INTUIT

Six Holiday Office Party Don'ts

Sure, have fun—but cross the line and you'll be paying for it all year long. By Bridget McCrea | December 2016

Party-Main

Holiday parties—they’re the thing of legend. Remember the year Pete fell headfirst into the punch bowl? Or that time Eileen serenaded the Director of Finance with Santa Baby?

While the word “party” may entice you to show the true you in all its glory, the word “office” should be paramount in your mind—particularly given the age of social media (what happens at the office party does not stay at the office party).

“Whether it's a holiday celebration or a summer picnic, you should be careful not to check your professional reputation at the door,” writes Dawn Rosenberg McKay in What You Should and Should Not Do at an Office Party. “While this event will give you the opportunity to socialize with your coworkers, you should be aware that it is still a work event.”

David Jacobson, founder of TrivWorks, a corporate event entertainment production company in New York, says professionals should strive for a balance—have fun and enjoy yourself, but don’t forget to maintain your composure.

“CPAs tend to be a very buttoned-up, professional group as a whole, but when they get into a ‘party’ environment that can change pretty quickly,” says Jacobson, who has orchestrated numerous CPA-related events over the years. “While holiday parties can be an opportunity to get to know one another in a fun and festive way, there are also boundaries to keep in mind.”

Here are six things you shouldn’t do.

1. Drinking like there’s no tomorrow

Don’t get us wrong; it’s okay to toss a few back with your colleagues. Just don’t forget that you’re technically still “at the office” and you’ll have to go back to managing or being managed by those colleagues tomorrow.

“Despite the casual environment, what you do at an office party can be detrimental to your career,” says Jon Minners, a career expert at Vault.com. “Drinking irresponsibility and acting inappropriately says a lot about your judgment and your employers will take note of your behavior.”

 

2. Giving your outfit the ‘woh’ factor

If you normally wear business attire to the office, going causal can be a nice change of pace. But don’t go overboard. Been dying to wear that kilt? Um, the office party may not be the best time to channel your inner Scotsman. Think you look great in that strappy little number you picked up at Akira? Maybe save it for your night out clubbing with the girls.

3. Letting your hair down—all the way

Follow the same rules you’d follow in the workplace when it comes to what you say and what you do, says Jacobson. Let your inhibitions fly too high and your joviality could be mistaken for offensiveness at best, and sexual harassment at worst.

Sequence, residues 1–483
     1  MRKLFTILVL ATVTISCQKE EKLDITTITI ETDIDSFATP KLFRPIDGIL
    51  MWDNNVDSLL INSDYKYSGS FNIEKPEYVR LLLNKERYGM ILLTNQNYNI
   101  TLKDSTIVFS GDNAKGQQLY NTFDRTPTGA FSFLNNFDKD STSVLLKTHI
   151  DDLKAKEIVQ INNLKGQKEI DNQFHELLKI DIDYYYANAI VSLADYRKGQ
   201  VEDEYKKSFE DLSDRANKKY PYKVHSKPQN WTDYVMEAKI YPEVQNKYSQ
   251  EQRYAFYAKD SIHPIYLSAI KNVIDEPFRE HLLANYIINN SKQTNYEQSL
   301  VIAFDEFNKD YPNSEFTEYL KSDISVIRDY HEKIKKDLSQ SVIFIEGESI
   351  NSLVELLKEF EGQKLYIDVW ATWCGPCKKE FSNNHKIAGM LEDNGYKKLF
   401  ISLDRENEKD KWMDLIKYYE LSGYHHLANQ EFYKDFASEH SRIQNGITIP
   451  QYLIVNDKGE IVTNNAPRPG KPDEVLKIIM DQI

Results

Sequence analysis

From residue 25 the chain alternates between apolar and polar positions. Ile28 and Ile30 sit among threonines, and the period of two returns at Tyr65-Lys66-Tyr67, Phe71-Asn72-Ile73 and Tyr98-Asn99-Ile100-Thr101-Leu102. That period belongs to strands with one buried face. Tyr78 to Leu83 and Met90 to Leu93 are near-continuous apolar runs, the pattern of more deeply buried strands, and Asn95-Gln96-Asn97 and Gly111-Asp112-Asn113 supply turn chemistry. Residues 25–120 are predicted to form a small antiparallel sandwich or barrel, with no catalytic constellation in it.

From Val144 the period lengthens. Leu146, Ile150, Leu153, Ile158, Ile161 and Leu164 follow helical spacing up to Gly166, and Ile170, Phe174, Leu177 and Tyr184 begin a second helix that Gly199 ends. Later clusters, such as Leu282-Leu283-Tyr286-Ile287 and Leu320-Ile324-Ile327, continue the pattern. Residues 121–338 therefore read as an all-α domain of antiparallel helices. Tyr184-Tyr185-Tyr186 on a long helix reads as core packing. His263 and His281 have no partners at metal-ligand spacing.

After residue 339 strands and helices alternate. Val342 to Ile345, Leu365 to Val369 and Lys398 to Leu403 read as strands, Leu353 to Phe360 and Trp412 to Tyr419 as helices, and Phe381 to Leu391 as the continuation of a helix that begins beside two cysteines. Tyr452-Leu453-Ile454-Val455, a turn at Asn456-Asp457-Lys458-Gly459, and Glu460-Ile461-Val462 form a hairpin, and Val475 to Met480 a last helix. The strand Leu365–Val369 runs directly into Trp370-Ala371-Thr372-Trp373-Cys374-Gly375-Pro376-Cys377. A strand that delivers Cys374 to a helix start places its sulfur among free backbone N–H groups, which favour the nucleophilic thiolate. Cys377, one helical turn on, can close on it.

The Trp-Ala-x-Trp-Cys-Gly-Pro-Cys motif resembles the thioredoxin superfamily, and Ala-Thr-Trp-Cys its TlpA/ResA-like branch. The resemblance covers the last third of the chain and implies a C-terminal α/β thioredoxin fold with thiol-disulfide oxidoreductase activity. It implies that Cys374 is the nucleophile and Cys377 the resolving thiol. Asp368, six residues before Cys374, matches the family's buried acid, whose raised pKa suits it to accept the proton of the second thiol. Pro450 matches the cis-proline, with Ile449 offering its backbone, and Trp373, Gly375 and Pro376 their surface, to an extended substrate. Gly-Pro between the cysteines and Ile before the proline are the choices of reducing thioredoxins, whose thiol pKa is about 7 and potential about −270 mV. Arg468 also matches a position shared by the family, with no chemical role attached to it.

“When people get into the party environment, inhibitions can come down pretty quickly,” says Jacobson. “Even though you’re there to have a good time, remember that the rules of good workplace behavior still apply.”

“The party is an extension of the office setting,” Minners adds, “so treat your co-workers with the same respect you would treat them within the office.” 

4. Spending too much on your Secret Santa gift

According to Lisa Grotts of Expert Etiquette and the manners blogger at Huffington Post, going over the spending limit for your Secret Santa gift is a not-so-subtle sign that you're disregarding the boss' rules and trying to outshine your colleagues. Chances are they don't want their noses rubbed in your overachievement, Grotts points out, so stick to the allotted amount and don't get too fancy with the presentation.

5. Disrespecting your coworkers’ cultures

Not everyone revels in Santa, and not everyone celebrates the same holidays. Some of your coworkers may not celebrate the holidays at all. It goes without saying, then, that you should always be inclusive—which means being sensitive to an individual’s cultural mores and beliefs. Something as seemingly insignificant as using white wrapping paper for your Japanese colleague might be considered culturally insensitive, since white is associated with death in Japanese culture. Similarly, write your gift card in red ink for your Chinese co-worker and you are symbolically severing your relationship. In other words, take a minute to do your research—and show that you take a serious interest in your colleagues as individuals.

6. Overstaying your welcome

We all love to have a good time, but making a graceful exit before the lights shut off is a good idea at any party.

“An office party is still a professional party, so act professionally,” says Minners. “That includes arriving on time and leaving the party at (or before) the stated ‘end time.’ You don’t want to be that person who is there at the very end of the night.”